There are days like today. I arrived in a cloud of dust at the Tenderfoot trail head, bound to see how far I could get. There were two cars at the trail head. Two cars, I fumed. Then I had to laugh. I am spoiled. What would it be like to have parking lots completely filled, two hundred people on the trail? Anywhere else, an easy hike like this would be overflowing.
I mean, look:
Where else can you hike to a place like this in four miles and only see four people? (Don't tell anybody!)
I pushed on to the pass. There was one snow field to cross, and some would have found it sketchy. You fall, you roll a long way. Determination carried me over. Dollar Lake, about a quarter mile off trail, was wonderfully quiet (though scarily low for this early).
I am starting on my seventh year of living in the same town. After this year it will be the longest I have lived anywhere since I was 17. I used to hate the idea of being stuck somewhere. Wouldn't it be boring? Wouldn't I be boring? Wasn't the point to carpe the diem?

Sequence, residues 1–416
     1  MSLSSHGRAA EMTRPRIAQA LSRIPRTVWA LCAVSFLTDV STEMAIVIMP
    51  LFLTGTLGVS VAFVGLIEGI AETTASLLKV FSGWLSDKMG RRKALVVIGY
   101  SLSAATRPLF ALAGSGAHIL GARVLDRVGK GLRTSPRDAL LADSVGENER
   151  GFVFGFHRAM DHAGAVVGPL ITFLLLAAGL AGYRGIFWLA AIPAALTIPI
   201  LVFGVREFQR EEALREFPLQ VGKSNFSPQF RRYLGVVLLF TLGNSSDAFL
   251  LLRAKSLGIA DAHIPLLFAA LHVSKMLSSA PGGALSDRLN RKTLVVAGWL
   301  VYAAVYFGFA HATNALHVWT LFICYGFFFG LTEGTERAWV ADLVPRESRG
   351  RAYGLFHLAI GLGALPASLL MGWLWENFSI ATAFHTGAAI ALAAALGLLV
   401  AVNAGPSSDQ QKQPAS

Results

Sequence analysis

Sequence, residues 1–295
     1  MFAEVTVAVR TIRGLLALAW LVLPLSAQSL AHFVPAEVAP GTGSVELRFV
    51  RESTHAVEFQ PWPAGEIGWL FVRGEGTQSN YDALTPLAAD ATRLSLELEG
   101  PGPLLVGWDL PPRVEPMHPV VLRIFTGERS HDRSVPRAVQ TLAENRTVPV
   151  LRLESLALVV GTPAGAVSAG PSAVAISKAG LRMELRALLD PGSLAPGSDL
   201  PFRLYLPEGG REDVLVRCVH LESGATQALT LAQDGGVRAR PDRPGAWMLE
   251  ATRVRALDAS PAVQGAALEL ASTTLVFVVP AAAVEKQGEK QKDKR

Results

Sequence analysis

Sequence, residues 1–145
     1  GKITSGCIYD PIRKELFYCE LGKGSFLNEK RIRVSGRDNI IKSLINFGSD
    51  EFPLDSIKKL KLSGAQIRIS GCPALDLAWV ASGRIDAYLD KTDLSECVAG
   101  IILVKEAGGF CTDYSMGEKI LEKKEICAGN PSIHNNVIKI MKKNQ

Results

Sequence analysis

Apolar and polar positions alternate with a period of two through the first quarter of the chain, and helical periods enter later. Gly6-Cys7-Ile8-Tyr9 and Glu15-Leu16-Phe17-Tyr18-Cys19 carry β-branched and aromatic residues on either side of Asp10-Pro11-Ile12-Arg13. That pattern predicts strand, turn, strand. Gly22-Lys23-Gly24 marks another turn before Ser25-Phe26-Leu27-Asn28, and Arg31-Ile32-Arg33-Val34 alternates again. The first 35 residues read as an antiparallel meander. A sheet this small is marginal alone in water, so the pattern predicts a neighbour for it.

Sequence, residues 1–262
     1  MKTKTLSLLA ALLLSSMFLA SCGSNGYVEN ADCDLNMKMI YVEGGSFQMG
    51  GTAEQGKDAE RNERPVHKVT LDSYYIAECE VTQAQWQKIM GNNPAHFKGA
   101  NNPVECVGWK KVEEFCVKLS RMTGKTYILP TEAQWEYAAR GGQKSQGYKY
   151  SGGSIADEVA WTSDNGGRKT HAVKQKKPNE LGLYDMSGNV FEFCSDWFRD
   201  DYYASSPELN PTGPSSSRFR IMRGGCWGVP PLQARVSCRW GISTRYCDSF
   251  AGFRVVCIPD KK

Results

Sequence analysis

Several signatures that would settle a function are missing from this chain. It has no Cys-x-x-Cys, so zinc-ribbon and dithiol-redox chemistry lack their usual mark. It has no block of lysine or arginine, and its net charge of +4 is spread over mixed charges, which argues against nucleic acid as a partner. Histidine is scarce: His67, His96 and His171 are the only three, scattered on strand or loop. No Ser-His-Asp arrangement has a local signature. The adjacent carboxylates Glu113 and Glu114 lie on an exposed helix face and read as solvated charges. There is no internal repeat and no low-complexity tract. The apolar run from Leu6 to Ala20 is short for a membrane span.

And yet. I am less and less concerned with big goals, with proving anything, with career aspirations. At my mid-year review, my supervisor asked me what my next step was. "Um," I floundered. I know the right answer is a higher grade level, more responsibility, but all I could think was: more desk time, less flexibility, a bigger city. It sounded like a jail sentence. I know that is what people are supposed to want, but I don't. In fact I'd be happy going back to being a wilderness ranger, if I could. That won't pay the bills, though.
I glissaded down the snowfield enroute to the trailhead. For years I moved every six months, then every few years, always thinking I was going to a better place than the one I left. I was good at leaving, good at goodbye. But after six years, I may have found the place I am not going to leave. The last place. It's a good feeling.